Thursday, August 26, 2010

NHG Library: Dolls' Houses

Thursday, August 26, 2010
Loretta reports:

Among the fascinating little books I’ve received from Shire Library, one of my current favorites is Dolls’ Houses by Halina Pasierbska.

Don’t know about you, but I love doll houses, and finding one in a museum or historic house is a special delight.  One that hasn’t been refurnished over the years offers a peep into the past.  It's not just one room in a painting or drawing, but a cross section of an entire house, complete with furniture arrangements that suggest how the space might actually have been used.  Since historically accurate illustrations of household interiors are not as abundant as exteriors, a doll house can be a helpful research tool.

And even if they’ve nothing to do with my chosen historical period, they’re just fascinating to study.  The Shire book shows us doll houses from the 17th to 20th century, some of which are in private collections.

Among many other things, I learned that the terms “Baby House” and “Doll House” referred to size, not purpose.  I was less surprised to learn that they were not regarded simply as toys.  “It would seem,” writes Ms. Pasierbska, “that the houses…served a serious instructional purpose as well as being objects which reflected the wealth of their owners.  They were excellent visual aids which helped young girls of the privileged classes to learn, through play, how to become good household managers.”

It’s a lovely little book, packing a lot of info into a small package and providing, as Shire books generally do, not only a list of further reading, but of places to visit.

Want more doll houses?  Click on the links to take a tour of The Doll's House of Petronella Oortman (late 17th C), Queen Mary’s Doll House, or Colleen Moore’s Fairy Castle.

Illustration is from the book:  Bedroom on the first floor of the Stromer House, 1639.

And here, in accord with some FTC rule or other (which probably doesn’t apply to us, since we're not reviewers, but never mind), I need to tell you that, unlike the majority of books referred to in this blog, which Susan and I buy with our own hard-earned cash, this one came gratis.

7 comments:

Ms. Lucy said...

I just LOVE doll houses and their dreamy settings that tell tales of their own. Great posts and thanks for the extra links too:)

Felicity Flower said...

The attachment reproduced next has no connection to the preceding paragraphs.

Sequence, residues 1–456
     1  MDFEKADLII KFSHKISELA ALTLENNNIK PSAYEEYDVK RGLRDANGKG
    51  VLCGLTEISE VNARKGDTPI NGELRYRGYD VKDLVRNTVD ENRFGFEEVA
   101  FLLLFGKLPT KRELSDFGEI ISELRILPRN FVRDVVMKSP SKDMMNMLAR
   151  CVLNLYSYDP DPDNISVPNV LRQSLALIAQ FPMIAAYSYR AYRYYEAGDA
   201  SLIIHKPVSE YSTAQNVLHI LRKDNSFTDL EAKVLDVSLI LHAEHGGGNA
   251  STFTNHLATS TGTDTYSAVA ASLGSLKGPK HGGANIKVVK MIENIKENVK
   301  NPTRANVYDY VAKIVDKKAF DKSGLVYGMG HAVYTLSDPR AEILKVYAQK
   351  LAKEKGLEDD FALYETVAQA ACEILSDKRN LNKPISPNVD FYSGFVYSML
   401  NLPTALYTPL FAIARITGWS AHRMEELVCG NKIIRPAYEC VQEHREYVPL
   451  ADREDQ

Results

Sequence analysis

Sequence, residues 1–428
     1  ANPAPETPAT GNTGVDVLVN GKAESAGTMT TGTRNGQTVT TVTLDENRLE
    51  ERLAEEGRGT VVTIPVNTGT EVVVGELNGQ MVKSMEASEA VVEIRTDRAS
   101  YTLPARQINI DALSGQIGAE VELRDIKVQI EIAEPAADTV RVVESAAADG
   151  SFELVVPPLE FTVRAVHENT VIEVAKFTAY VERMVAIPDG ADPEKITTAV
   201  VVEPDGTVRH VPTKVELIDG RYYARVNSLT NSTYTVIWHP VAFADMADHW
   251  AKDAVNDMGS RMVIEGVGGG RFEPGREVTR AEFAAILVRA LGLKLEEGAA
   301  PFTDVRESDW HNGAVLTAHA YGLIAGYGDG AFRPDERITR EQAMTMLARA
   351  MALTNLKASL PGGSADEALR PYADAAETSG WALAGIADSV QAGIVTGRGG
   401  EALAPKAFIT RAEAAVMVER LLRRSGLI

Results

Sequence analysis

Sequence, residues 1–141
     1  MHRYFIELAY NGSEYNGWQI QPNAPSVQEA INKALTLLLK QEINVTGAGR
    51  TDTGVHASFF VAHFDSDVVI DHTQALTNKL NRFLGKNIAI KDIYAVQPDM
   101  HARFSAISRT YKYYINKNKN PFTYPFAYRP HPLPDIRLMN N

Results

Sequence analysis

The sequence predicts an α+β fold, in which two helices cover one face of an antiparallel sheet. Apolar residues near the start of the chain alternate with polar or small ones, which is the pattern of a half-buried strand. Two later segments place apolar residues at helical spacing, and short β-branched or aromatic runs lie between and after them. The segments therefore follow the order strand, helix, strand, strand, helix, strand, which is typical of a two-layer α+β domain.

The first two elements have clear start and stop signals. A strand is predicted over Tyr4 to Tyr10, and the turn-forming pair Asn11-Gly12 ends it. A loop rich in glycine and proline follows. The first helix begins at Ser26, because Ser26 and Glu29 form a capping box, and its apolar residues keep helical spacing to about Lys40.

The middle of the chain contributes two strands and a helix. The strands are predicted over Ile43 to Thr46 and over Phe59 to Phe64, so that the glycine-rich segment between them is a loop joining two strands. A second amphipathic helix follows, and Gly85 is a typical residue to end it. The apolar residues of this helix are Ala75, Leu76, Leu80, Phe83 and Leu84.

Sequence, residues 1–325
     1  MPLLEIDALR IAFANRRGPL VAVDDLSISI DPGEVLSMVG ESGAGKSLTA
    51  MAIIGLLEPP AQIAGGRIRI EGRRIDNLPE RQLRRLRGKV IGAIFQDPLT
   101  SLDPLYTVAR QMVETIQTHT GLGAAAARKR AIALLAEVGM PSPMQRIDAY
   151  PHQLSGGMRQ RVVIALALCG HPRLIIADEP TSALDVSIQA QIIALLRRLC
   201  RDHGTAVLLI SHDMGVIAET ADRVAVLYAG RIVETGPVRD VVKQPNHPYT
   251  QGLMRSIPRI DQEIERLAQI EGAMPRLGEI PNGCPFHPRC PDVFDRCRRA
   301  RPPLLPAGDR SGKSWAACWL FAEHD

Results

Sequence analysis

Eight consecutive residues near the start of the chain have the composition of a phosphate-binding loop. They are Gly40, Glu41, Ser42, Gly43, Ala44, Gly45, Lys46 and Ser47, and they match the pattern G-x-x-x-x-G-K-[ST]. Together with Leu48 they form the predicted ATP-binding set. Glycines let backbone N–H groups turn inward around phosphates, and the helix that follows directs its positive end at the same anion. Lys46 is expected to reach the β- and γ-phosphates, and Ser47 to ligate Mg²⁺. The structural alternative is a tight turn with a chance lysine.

I love doll houses, too! There's something about having whole little worlds in miniature. I must look for this book. These links are fabulous!

Undine said...

Thanks for alerting us to those links. I've been lucky enough to see a couple of those in person, and they truly are amazing--they're among those "how did they do that" artifacts.

Although after reading M.R. James' "The Haunted Dolls' House," I've never been able to think of them in quite the same way again.

Trisha said...

Ever since I was a little girl I've loved doll houses. The book I loved the best about them was Rumer Godden's "The Doll House", and I was sure my own dolls came to life at night like the ones in that book did. Maybe they did, lol! Thank you for reminding me!

Susan Holloway Scott said...

There's another wonderful doll house in the folk art collection in Williamsburg, a house that belonged to artist/author Tasha Tudor. I found pix via Flickr:

http://www.flickr.com/search/?q=tasha+tudor+dollhouse&w=all&s=int&referer_searched=1

Chris Woodyard said...

One of the most fascinating dollshouse artifacts I've seen is Mon Plaisir, an 18th century miniature doll city with over 400 dolls and scores of buildings/roomboxes depicting everything from a convent to beggars and dancing bears. It was built by Augusta Dorothea von Scharzburg-Arnstadt over a span of years. Furstin Augusta nearly bankrupted herself over her hobby and may have converted to Catholicism because the nuns were willing to loan her money! All the dolls have exquisitely made miniatures garments and shoes and accessories. Many items survive at Mon Plaisir that have not survived in full-size. It is rather a miracle that this assemblage has survived centuries and wars to delight us today. Here is a flash presentation. http://www.arnstadt.de/index.php?structureID=1780
There are also at least three books on Die Puppenstadt. They are all in German, but the most recent, Matthias Klein u. Carola Müller Die Puppenstadt im Schlossmuseum zu Arnstadt, Die Blauen Bucher, has (rather inadequate) English summaries for the photo captions. You can also read about it in Leonie von Wilckens Mansions in Miniature, which has lots of good photos of early baby houses.
TMI perhaps, but I am a huge fan of historic dollshouses and what they have to tell us. I also collect miniatures to excess, but have not yet bankrupted my kingdom!

LorettaChase said...

Chris, thank you so much for the link. The book has some photos of parts of Mon Plaisir, but it's only a small sampling. I didn't realize it was quite so extensive. What an extraordinary undertaking!

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